Wrist Reconstruction

The human wrist is made up of small bones joined together by a band of tough fibrous tissue known as ligaments. Ligaments also join the bones in our wrist to the radius, ulna, and metacarpal bones, and aid in the proper functioning of our wrist. Any injury to the ligaments disturbs the normal alignment of our wrist bones causing them to wear out faster resulting in significant pain and eventually leading to arthritis.

Surgical treatment in the form of wrist ligament reconstruction may be indicated in cases where the wrist ligament is completely torn. The ligament usually will need to be reconstructed when ligament damage is noted after a period of 6 months or more after the initial injury.

Ligament reconstruction procedure can be performed as day surgery under local or general anesthesia.

During the procedure, your surgeon first makes an incision over your wrist joint to locate the torn ligament. Once located, a tendon graft (tissue obtained from a donor part, usually the palmaris longus tendon of the same wrist) is used to replace the torn ligament. The tendon is harvested through the bottom of your wrist via one or two minor incisions. Your surgeon may then place metal pins to support the repair while healing occurs. The surgical incisions are closed and dressing is applied. The pins are usually removed 6 to 8 weeks after the surgery. Your doctor will guide you through your post-operative period including wound care, medications, activity restrictions, and follow-up.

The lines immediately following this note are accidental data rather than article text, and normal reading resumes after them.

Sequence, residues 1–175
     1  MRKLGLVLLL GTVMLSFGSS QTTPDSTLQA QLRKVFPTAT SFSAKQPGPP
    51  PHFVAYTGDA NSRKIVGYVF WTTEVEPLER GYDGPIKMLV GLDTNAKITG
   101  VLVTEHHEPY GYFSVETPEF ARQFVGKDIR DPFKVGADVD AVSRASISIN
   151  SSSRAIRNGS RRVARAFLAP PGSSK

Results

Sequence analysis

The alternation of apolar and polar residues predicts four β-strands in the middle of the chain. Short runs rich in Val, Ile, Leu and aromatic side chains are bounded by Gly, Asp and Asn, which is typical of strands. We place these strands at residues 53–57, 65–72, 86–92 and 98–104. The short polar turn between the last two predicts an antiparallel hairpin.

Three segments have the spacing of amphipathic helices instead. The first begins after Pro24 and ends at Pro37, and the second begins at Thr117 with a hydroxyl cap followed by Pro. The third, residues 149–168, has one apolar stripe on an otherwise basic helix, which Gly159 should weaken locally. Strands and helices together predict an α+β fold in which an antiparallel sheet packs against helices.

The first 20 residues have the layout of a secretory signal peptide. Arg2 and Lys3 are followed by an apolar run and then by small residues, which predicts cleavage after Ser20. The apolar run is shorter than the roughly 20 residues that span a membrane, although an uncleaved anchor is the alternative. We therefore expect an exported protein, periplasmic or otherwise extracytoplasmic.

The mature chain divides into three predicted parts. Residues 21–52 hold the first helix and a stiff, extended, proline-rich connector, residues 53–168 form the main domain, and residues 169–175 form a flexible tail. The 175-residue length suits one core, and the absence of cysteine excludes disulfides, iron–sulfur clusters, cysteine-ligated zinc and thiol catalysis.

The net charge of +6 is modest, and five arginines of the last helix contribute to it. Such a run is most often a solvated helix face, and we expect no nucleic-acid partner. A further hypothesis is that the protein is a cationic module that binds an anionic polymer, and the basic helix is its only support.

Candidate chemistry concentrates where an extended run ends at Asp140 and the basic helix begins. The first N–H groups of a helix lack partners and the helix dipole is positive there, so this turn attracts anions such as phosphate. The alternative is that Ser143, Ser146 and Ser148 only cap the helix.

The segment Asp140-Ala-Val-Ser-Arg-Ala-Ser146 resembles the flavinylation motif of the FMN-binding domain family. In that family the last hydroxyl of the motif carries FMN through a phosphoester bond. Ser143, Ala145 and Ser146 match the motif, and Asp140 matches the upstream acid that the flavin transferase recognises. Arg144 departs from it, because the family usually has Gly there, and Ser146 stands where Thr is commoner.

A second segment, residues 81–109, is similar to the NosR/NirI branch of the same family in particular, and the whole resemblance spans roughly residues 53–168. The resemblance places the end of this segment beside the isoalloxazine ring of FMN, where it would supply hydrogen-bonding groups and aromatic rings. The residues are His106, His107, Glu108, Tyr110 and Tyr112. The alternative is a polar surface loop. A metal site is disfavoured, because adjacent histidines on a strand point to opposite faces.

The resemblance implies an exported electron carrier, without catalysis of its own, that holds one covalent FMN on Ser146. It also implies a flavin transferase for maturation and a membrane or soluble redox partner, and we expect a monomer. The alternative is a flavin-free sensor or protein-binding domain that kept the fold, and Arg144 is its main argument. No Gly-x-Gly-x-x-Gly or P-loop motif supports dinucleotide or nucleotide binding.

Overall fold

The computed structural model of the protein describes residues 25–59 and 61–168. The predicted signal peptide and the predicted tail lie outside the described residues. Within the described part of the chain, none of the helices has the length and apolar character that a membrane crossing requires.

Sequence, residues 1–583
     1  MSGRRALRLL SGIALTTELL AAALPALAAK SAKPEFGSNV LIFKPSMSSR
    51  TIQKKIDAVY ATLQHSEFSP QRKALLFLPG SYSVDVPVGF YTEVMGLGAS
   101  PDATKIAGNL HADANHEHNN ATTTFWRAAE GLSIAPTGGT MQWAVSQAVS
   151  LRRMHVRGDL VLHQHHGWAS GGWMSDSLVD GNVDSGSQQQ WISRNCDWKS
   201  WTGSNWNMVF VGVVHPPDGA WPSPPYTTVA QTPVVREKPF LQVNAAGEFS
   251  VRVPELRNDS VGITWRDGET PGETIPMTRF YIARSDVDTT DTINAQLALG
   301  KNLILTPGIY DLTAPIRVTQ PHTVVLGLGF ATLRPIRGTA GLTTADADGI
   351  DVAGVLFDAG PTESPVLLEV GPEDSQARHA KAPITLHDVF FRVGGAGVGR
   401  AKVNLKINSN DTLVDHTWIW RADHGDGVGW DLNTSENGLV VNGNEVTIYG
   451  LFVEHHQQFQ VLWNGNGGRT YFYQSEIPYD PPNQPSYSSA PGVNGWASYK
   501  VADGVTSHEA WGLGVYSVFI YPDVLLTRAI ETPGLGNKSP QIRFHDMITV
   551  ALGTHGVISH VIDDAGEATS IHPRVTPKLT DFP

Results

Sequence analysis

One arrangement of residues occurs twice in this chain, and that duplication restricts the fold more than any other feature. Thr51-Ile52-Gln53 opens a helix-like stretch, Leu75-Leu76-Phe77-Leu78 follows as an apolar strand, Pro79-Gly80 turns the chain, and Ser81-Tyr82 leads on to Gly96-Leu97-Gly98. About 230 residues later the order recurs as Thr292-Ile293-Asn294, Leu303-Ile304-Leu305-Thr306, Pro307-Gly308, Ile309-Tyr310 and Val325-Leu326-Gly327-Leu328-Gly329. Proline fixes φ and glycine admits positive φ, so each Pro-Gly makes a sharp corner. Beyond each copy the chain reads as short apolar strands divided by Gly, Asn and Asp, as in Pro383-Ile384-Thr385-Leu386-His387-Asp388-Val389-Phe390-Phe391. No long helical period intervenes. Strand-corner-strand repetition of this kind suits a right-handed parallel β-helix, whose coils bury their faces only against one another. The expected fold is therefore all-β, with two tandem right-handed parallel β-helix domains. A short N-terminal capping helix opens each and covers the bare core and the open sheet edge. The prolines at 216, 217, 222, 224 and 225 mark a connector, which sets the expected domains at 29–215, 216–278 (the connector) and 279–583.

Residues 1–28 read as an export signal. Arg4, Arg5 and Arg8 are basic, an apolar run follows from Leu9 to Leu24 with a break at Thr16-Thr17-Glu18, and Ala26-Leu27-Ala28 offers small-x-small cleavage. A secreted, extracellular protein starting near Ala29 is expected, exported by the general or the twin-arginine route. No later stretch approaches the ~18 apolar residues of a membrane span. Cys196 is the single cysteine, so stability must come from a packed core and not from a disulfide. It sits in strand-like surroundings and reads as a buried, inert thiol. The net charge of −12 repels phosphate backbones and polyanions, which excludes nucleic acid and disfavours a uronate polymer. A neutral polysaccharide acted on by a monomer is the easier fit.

After the surgery:

  • Your surgeon will place a cast or a splint that immobilizes the wrist until it is healed completely.
  • The operated wrist should be elevated to prevent excessive swelling and pain.
  • Ice wrapped in a cloth can be applied over the operated area which helps to reduce swelling
  • You will be prescribed antibiotics to prevent infection and medications to reduce pain.

Always remember to keep the operated area clean and dry to prevent infection.

Some of the risks possible after wrist ligament reconstruction include infection, swelling, damage to the nearby nerves or tissues during surgery, irritation from foreign material such as pins, and stiffness which can be treated through post-operative rehabilitation. Exercises are performed to strengthen the wrist and rebuild your strength.

Meet Our Team

  • Paul Spiegl, MD, PC

    Paul Spiegl, MD, PC Orthopaedic Surgeon

    Foot & Ankle Specialist

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  • Daniel Nicholson, MD

    Daniel Nicholson, MD Orthopaedic Surgeon

    Sports Medicine

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  • Tedman Vance, MD

    Tedman Vance, MD Orthopaedic Surgeon

    Hand & Upper Extremity

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  • Obi Osuji, MD

    Obi Osuji, MD Orthopaedic Surgeon

    Hip & Knee Specialist

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  • American Academy of Orthopaedic Surgeons (AAOS)
  • American Orthopaedic Foot and Ankle Society
  • American Medical Association (AMA)
  • American College of Foot Ankle Orthopedics and Medicine (ACFAOM)